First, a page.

LOS ANGELES (AP) -- The 17-year-old bus that went out of control and crashed on a Southern California mountain highway, leaving seven dead and dozens injured, had a history of brake and other maintenance problems that attracted increased scrutiny from federal safety officials.
The bus that was carrying 38 people from the popular Big Bear Lake resort area in the San Bernardino National Forest was slapped with eight violations by safety inspectors in October, for problems ranging from fluid leaks to an improperly installed battery, according Federal Motor Carrier Safety Administration data reviewed Monday. According to the records, the bus was flagged for brake issues in at least three inspections since October 2011.
The cause of Sunday's crash is unclear, but early information pointed to a brake problem. Driver Norberto B. Perez told investigators the vehicle lost its brakes while traveling down the winding, two-lane road. Passengers reported Perez saying the brakes weren't working as he tried to maintain control before the bus hit a sedan, flipped and plowed into a pickup truck hauling a trailer.
Lettering on the bus showed it was operated by Scapadas Magicas LLC, based in National City, near San Diego. The Associated Press tracked the bus's maintenance records using its license plate and vehicle identification number.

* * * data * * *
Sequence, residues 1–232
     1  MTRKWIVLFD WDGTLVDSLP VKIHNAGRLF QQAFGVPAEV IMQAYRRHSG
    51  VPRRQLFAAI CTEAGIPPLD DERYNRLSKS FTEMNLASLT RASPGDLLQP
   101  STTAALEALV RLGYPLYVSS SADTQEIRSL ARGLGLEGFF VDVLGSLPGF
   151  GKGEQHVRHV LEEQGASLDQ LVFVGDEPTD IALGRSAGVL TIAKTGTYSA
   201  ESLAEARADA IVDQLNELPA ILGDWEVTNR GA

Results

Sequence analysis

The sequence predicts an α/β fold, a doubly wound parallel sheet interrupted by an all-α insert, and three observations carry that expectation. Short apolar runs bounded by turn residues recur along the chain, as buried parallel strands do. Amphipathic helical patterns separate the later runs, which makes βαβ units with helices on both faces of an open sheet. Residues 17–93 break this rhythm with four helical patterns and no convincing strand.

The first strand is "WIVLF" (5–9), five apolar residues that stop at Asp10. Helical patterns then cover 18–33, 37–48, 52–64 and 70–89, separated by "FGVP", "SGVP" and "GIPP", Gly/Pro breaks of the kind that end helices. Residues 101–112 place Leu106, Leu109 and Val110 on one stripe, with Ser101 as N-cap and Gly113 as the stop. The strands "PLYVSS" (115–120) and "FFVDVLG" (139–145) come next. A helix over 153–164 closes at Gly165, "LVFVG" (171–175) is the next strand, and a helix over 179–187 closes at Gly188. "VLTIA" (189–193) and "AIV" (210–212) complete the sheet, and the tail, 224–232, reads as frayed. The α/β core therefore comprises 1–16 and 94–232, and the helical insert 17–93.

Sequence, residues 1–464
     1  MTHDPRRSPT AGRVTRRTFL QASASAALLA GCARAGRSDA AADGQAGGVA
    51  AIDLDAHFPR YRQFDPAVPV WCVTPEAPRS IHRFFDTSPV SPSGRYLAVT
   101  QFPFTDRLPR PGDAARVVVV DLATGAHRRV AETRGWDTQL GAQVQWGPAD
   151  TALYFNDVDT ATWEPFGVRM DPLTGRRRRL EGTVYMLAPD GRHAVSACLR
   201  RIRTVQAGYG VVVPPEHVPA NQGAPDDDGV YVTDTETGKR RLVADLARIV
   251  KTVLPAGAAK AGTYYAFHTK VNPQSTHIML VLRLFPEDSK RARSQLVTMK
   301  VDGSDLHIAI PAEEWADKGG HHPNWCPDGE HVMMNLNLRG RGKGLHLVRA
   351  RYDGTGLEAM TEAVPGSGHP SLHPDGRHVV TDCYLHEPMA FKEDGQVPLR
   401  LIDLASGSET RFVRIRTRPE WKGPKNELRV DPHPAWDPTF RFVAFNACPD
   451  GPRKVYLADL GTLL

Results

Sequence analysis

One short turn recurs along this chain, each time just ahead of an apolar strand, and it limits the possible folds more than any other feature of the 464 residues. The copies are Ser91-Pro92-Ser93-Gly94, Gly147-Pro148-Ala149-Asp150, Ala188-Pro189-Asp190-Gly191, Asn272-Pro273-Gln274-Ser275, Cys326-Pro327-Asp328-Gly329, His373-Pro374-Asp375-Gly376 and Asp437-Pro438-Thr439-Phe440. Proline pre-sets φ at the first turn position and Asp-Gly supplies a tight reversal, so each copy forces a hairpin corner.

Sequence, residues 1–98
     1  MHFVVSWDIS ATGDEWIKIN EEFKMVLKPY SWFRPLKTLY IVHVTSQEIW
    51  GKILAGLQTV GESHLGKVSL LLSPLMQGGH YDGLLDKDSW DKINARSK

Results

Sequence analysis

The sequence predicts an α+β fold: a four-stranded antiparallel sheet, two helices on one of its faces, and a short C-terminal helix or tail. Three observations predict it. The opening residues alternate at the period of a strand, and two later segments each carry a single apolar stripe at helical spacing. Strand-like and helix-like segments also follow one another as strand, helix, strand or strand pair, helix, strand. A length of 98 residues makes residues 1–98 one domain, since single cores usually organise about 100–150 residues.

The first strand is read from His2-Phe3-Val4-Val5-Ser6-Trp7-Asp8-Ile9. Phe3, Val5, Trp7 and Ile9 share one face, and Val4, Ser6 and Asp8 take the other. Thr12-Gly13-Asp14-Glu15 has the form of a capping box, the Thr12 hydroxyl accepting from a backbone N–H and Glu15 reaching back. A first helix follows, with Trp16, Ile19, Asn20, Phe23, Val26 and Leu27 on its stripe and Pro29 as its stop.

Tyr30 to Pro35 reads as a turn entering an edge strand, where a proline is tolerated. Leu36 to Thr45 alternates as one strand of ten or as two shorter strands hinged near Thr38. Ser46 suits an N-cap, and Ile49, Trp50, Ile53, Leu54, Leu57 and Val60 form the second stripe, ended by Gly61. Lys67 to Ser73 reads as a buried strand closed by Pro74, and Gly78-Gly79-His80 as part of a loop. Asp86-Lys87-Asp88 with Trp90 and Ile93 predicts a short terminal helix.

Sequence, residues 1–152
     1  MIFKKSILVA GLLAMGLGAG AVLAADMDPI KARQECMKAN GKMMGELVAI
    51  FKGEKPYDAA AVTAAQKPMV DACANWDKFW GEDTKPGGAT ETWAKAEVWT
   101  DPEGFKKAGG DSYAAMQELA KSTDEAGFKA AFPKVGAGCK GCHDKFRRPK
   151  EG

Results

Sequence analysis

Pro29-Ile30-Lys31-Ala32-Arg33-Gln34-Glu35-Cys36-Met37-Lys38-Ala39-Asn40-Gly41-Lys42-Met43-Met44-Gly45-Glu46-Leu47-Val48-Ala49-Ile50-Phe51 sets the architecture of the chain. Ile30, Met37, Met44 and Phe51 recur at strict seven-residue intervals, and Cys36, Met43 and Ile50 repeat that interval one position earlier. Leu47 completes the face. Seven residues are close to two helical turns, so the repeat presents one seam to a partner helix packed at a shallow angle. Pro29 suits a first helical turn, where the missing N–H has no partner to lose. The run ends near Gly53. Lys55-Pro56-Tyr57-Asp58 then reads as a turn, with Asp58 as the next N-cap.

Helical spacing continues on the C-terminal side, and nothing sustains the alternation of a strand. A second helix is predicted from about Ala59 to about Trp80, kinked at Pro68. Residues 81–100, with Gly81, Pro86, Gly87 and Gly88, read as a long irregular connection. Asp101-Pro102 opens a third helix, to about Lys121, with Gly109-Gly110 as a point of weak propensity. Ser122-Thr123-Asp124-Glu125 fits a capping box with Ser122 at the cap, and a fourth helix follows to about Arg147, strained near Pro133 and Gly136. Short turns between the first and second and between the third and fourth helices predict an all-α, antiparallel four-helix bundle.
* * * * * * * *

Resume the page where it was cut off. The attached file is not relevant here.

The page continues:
The small company based about 12 miles from the Mexican border is licensed to carry passengers for interstate travel and had no crashes in the past two years. It retained an overall "satisfactory" rating from the motor carrier administration but had been targeted for a higher rate of inspections linked to bus maintenance, the agency said.
Overall, buses operated by the firm flunked 36 percent of random inspections, the records indicate. That's higher than the national average of 21 percent for similar companies.
Records show the bus involved in the crash was cited eight times for maintenance problems in October and seven times in July. Overall, the bus recorded 22 safety violations in five inspections conducted between October 2011 and October 2012, including problems with brakes, the windshield and tires.
Stephen Keppler of the Commercial Vehicle Safety Alliance, a group with industry and government members, said buses and trucks average about two violations for each inspection.
Jackie Gillan, president of Advocates for Highway and Auto Safety, a Washington-based advocacy group, said the crash points to the need for improved roof strength and other safety measures.
"We have a long way to go before we can say boarding a motor coach is as safe as boarding an airplane," she said. Bus passengers "are often riding blindfolded."